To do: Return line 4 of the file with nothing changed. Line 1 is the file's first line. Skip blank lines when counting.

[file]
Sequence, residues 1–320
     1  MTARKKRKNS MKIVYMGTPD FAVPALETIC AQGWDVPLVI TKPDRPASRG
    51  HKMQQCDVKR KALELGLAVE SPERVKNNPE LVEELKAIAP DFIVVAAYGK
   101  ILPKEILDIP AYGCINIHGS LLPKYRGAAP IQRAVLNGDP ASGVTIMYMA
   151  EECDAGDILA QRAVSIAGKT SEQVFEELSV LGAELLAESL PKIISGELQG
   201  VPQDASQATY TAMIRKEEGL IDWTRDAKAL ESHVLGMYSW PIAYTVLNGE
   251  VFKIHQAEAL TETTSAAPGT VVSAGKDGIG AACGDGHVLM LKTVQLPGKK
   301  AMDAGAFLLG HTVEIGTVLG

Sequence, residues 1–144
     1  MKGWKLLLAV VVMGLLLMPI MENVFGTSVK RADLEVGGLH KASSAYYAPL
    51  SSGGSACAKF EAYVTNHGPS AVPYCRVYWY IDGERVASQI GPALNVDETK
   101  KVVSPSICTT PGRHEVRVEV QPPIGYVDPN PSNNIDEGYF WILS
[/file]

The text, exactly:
   101  ILPKEILDIP AYGCINIHGS LLPKYRGAAP IQRAVLNGDP ASGVTIMYMA